Episode 113 – “It’s Scroogemas!”

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The Newbie Writers’ Podcast Episode 113

Co-Host: Philippe Perez

 

 

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It’s Christmas. Bah Humbug. So Philippe joins us for an impromptu show because we’re meant to have a week off but I just can’t do it. We’ll find out about Philippe’s over seas trip, what he’s been writing, what’s been happening with his podcast. We also give our new year resolutions as this is our final show for 2013!

Thanks to all those who have listened over the past year, we hope to have you back for another round next year as we have plenty of guests already booked.

 

Tale Teller Podcast:

http://taletellerpodcast.blogspot.com.au
Taleteller is a little podcast made here in Melbourne, Australia (and occasionally in other places) where we talk to writers, bloggers, editors, publishers, entertainers, artists, poets and anyone else involved in the world of writing, art and culture. We’ll explore ideas surrounding the state of writing. What it’s been like in the past, what writing is like in the present and of course what we may see in the future. We’ll try to to have a bit of fun along the way too.

Each podcast features a different guest in our never ending (possibly fruitless) quest to see what perspectives are out there in the literature world.

Copy and paste this RSS address into your audio player of choice to subscribe to the podcast: http://taleteller.libsyn.com/rss

 

 

Word of the Week:

 

From http://worldwidewords.org

 Edacious

The literal sense of edacious is “relating to eating”, since it comes from the Latin verb edere, to eat. But even in Latin it had a stronger sense of voracious consumption and that was carried with it into English.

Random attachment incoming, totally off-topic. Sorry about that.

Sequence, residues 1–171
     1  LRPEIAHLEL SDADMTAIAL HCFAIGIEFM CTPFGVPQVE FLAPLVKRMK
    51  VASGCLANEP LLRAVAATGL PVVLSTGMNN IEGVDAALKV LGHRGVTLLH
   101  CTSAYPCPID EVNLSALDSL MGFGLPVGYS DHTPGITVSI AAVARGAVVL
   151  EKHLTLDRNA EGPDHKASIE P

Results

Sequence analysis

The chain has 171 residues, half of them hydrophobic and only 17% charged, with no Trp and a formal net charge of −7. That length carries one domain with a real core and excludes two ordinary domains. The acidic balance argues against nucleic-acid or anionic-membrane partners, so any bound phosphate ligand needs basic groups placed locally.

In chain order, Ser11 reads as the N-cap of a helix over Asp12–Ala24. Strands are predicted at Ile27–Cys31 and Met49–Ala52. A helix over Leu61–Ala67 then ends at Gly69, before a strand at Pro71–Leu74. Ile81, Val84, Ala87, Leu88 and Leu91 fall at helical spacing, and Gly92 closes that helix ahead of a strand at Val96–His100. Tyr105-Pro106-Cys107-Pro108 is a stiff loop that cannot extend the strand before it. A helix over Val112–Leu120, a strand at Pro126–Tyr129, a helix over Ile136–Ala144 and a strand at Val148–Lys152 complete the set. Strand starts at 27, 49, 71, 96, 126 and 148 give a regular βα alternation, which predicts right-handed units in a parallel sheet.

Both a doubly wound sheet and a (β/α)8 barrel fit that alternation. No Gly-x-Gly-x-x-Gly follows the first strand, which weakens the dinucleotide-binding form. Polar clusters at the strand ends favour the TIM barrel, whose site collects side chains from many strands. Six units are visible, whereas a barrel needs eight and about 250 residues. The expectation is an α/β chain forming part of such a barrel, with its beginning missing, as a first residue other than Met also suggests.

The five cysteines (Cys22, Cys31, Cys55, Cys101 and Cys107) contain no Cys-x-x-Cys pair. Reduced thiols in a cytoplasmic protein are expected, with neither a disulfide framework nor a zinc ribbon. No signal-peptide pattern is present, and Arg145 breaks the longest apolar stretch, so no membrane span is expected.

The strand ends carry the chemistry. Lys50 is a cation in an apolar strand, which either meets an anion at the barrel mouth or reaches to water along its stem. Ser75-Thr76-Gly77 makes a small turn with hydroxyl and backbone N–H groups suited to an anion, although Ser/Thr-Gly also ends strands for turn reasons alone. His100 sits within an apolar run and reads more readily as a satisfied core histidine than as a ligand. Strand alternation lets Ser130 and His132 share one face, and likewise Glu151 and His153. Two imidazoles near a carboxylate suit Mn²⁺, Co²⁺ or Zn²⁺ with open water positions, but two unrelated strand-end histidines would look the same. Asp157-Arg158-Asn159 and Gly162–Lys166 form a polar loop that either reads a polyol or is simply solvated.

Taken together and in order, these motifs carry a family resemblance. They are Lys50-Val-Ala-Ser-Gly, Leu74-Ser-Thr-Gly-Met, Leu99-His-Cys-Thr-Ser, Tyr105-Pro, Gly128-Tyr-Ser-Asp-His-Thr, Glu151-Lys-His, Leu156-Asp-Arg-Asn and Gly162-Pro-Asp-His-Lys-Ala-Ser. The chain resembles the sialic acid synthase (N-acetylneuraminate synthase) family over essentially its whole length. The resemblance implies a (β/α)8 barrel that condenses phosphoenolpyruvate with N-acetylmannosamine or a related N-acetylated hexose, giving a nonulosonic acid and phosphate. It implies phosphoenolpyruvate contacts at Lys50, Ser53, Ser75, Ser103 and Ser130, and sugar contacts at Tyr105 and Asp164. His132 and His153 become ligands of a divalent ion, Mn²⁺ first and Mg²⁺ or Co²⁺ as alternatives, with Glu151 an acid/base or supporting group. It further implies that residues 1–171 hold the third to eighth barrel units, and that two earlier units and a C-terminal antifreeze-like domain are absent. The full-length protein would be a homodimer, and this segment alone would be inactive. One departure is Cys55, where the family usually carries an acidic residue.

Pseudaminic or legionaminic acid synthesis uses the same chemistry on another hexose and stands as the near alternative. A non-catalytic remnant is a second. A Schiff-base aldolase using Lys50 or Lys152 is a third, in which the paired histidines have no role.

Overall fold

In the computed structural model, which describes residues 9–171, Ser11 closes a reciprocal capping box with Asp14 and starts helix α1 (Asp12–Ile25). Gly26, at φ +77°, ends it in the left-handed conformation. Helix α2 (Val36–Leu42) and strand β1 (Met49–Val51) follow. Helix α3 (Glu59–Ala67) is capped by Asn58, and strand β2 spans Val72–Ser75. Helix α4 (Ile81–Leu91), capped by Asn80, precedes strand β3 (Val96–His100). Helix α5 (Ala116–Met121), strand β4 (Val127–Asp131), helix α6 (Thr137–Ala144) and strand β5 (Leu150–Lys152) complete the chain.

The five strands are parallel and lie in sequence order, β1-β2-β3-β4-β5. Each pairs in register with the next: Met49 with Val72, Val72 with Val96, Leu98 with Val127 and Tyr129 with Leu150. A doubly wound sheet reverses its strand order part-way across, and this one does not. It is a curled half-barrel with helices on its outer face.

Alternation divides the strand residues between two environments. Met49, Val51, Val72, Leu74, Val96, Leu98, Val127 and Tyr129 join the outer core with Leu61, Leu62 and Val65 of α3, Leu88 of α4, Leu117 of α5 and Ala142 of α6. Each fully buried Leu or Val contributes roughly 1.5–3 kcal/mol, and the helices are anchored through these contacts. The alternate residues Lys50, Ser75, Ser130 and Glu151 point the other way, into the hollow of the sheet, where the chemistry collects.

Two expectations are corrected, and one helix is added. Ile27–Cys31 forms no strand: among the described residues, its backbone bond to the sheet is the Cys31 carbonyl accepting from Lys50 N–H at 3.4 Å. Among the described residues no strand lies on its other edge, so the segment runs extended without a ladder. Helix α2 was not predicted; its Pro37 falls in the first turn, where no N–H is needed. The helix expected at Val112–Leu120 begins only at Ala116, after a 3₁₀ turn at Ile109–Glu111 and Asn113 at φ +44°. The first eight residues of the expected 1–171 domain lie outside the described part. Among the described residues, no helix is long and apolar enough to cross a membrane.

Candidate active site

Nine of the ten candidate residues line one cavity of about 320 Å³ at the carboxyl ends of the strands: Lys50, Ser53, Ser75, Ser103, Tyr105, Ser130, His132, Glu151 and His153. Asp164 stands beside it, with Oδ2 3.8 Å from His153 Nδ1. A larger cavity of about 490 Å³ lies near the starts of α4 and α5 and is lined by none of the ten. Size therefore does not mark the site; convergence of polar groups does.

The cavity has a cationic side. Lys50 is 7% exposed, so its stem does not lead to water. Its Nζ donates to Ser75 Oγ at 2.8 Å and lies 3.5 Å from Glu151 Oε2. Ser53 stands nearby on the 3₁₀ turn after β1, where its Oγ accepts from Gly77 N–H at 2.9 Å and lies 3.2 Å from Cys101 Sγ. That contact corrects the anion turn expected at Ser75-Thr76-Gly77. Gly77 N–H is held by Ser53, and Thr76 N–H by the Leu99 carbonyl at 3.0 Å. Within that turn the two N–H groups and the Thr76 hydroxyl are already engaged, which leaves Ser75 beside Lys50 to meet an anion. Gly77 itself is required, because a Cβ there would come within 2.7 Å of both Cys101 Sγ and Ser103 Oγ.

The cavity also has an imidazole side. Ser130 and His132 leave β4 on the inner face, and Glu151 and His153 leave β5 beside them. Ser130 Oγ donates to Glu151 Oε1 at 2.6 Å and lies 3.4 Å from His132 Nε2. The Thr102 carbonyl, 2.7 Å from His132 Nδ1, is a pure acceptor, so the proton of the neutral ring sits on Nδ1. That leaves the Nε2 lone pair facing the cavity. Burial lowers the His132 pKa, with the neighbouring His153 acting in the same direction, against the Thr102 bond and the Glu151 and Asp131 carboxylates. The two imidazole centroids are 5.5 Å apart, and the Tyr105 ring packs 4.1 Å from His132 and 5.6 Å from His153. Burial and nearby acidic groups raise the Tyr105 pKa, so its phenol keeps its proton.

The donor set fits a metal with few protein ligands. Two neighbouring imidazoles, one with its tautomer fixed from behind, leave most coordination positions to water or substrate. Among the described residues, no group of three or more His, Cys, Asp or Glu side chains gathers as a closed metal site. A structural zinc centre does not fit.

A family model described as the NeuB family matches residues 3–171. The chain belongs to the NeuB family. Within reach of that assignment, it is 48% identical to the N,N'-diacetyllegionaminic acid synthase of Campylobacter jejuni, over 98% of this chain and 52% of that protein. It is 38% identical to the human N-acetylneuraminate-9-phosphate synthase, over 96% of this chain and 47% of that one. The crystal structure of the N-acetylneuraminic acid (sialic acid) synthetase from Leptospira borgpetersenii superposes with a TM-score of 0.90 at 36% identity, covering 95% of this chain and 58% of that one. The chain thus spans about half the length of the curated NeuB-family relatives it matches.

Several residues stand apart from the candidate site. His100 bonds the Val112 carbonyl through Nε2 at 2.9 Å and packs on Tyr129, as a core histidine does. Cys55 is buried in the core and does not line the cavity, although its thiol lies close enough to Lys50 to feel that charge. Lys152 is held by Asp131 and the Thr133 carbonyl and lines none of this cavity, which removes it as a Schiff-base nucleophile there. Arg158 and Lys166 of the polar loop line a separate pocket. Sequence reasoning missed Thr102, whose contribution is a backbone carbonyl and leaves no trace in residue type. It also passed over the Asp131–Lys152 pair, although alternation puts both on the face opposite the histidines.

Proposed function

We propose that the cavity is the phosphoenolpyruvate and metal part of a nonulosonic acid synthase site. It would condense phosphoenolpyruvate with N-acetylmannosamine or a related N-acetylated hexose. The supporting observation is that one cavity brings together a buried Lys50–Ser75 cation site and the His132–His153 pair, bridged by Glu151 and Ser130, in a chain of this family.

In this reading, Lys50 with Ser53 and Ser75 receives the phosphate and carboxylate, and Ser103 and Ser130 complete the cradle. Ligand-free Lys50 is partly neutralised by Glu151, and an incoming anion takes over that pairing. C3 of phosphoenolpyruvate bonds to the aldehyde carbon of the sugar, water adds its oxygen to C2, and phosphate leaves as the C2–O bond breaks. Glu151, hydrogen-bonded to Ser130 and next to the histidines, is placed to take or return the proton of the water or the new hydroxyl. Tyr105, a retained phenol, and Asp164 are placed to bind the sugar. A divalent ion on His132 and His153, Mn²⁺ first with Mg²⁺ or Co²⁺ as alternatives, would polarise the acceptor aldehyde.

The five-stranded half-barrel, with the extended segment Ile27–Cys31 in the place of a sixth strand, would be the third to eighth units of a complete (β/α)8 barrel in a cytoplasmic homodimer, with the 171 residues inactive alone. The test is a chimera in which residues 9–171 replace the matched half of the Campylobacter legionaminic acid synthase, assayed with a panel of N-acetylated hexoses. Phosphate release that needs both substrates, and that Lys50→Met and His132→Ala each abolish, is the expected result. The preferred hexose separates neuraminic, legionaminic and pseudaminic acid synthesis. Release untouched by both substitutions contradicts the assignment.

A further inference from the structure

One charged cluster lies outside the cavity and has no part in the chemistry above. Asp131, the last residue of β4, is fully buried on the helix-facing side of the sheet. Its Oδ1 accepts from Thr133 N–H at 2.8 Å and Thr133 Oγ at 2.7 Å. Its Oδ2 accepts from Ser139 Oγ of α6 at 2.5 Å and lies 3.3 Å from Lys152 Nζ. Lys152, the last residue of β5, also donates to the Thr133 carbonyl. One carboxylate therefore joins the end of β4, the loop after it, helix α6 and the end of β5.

It was brought into the language — surprisingly recently — by classically educated writers at the beginning of the nineteenth century. It never really caught on and is now almost extinct, perhaps because voracious is a better established and more vigorous-sounding alternative.

The Roman writer Ovid created a maxim in his Metamorphoses: “Tempus edax rerum”, time devours everything. As a result, in its rare appearances the word is most likely to be linked with time. Thomas Carlyle used it in this way when he referred to events “swallowed in the depths of edacious time”.

 

Mundungus

The Spanish have a perfectly respectable word mondongo for the tripes, the stomach linings of cows or oxen that are served as food. Many people adore tripe, especially served with onions, but others find it repulsive to varying degrees. Hence our slang use of tripe for worthless stuff or rubbish.

The English borrowed the Spanish word in the seventeenth century, at first with the same sense, but then hacked it about a bit to fit English mouths, so creating mundungus, and applied it figuratively to any offal or refuse.

Later, it was used in particular for a foul-smelling form of cheap tobacco. In his Journal of A Voyage to Lisbon, published in 1755, Henry Fielding wrote: “It was in truth no other than a tobacco of the mundungus species”. It has largely gone out of use, except when an author is attempting to reinforce an historical period, as Patrick O’Brian does in The Ionian Mission: “If you have finished, Stephen, pray smoke away. I am sure you bought some of your best mundungus in Mahon”.

It’s gained a higher recognition factor in recent years because of the character Mundungus Fletcher who appears in several of the Harry Potter books by J K Rowling. Mr Fletcher is a bad’un, “a smelly sneak thief”, a liar and a cheat, so his name is apposite. Here he’s up to his tricks in Harry Potter and the Goblet of Fire: “Mundungus Fletcher’s put in a claim for a twelve-bedroomed tent with en-suite Jacuzzi, but I’ve got his number. I know for a fact he was sleeping under a cloak propped on sticks.”

 

Prompt:

 

Write about your most memorable new years eve party. Did you over indulge, did you kiss the wrong person? Or did you stay at home and mutter about the noise of fireworks from your balcony?

Write about your new years resolutions. Will you stick to them? Probably not.

 

 

Tortured Sentences:

 

Taken from: Dr Whatley’s Homepage: http://mypages.valdosta.edu/mwhatley/writing.htm

When we do see the elderly being active citizen, we categorizing them as falling outside the norming.

 

Shout Outs:

 

Adam Remington: (@AdamRemingtonAu) for his amazing tweet today. I’m pleased we keep the world regular.

I enjoy your show. Especially how you’re reliably on time, weekly. More regular than Metamucil!”

Emma for the ongoing support of our show. http://www.exceptionalediting.com.au/

Dee Solberg on Google Plus. Thanks for all the Plus ones! Dee’s Google Plus page.


 

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